MSS admin team introduced

M’CHIGEENG—Rainbow District School Board (RDSB) introduced the new administrative team at Manitoulin Secondary School (MSS) in a release this week. The release notes that Neil Debassige has joined the MSS administrative team that also includes Principal David Wiwchar and Vice-Principal Dawn Noble McCann.

“David Wiwchar, Dawn Noble McCann and Neil Debassige have a wealth of experience in education,” said Director of Education Bruce Bourget. “With an exceptional teaching and support staff in an exceptional learning environment, they remain focused on the success and well-being of all learners.”

“With his strong roots in the First Nations community, Neil Debassige brings an important perspective to the administrative team,” continued Mr. Wiwchar. “His contribution will enhance our ongoing work in Truth and Reconciliation.” 

Mr. Wiwchar has plenty of experience both at the elementary and secondary levels, having served as principal at Central Manitoulin Public School, S. Geiger Public School and Webbwood Public School. Prior to being appointed to a senior leadership role, Mr. Wiwchar served as vice-principal at MSS, Lively District Secondary School and Lasalle Secondary School. The MSS principal began his educational career with the RDSB at Lasalle as a science teacher in 2000. He also taught at Sudbury Secondary School.

Mr. Wiwchar was also the regional environmental education lead for Northeastern Ontario in 2009 and continues to provide system-wide leadership in environmental education as a member of RDSB’s environmental education committee. The release notes Mr. Wiwchar is “a champion for sustainability, schools under his leadership have earned EcoSchools certifications at the highest level. All schools are now on track to be certified in 2022, a cornerstone of the Board’s Environmental Education Plan.”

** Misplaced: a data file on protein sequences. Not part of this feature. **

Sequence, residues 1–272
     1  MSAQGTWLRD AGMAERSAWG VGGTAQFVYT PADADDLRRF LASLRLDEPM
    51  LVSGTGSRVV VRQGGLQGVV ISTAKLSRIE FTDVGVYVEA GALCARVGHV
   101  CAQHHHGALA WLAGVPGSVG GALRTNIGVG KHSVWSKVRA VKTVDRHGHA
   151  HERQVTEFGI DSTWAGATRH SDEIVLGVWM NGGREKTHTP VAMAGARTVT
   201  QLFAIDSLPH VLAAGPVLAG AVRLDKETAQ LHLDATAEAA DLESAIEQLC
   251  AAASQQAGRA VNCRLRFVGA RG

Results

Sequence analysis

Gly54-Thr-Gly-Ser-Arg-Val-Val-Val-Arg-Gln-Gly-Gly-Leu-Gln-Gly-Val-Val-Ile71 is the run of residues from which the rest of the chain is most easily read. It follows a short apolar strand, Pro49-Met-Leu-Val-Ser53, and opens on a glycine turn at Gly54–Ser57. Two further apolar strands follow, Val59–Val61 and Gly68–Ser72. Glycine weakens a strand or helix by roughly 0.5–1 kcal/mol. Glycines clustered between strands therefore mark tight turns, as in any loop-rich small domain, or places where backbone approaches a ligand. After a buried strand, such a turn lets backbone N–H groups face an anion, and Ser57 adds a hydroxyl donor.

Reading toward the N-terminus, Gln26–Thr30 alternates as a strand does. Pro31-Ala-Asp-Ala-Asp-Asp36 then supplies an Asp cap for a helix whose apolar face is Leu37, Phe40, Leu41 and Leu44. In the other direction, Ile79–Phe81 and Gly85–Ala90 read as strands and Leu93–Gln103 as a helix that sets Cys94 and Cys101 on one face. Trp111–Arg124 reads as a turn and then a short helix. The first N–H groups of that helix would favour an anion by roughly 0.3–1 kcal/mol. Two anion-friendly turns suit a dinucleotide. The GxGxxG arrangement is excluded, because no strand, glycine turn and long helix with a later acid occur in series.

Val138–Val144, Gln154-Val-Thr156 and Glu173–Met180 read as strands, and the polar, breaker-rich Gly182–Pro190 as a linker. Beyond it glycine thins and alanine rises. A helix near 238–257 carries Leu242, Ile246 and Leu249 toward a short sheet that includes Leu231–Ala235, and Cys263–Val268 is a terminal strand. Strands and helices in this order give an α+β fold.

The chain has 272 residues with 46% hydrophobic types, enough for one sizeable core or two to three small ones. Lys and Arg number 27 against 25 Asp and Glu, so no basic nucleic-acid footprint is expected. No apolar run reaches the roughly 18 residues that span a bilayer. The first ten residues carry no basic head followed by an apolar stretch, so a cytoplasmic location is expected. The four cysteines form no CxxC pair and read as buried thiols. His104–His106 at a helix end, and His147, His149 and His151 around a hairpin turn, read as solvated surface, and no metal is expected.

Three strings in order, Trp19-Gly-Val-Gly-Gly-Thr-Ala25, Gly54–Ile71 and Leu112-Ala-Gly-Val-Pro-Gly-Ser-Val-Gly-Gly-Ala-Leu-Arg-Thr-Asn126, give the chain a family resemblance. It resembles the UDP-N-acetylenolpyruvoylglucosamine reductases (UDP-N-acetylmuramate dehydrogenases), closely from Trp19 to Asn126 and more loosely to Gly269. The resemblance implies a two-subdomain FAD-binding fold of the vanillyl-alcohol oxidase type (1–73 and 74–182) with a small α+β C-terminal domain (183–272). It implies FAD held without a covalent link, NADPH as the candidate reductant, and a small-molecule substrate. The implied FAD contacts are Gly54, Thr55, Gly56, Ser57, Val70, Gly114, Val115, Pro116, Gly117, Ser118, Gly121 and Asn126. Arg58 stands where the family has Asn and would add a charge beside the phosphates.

After obtaining a Bachelor in Biology at Sir Wilfrid Laurier University, Mr. Wiwchar earned a Master’s Degree in Biology at Laurentian University then a Bachelor in Education at Nipissing University. In 2011, he was recognized by RDSB with an Award for Outstanding Contribution to the co-curricular program for his efforts in bringing solar LED lighting systems to Costa Rica with students from various Rainbow schools, including MSS. He is also a recipient of a Sudbury YMCA Peacemaker’s Award and Queen’s Diamond Jubilee Medal.

“I look forward to continuing to work with students, parents/guardians, staff and the community of MSS,” said Principal Wiwchar in the release. “It is a pleasure to lead the exceptional administrative team and the dedicated teaching and support staff committed to student success.”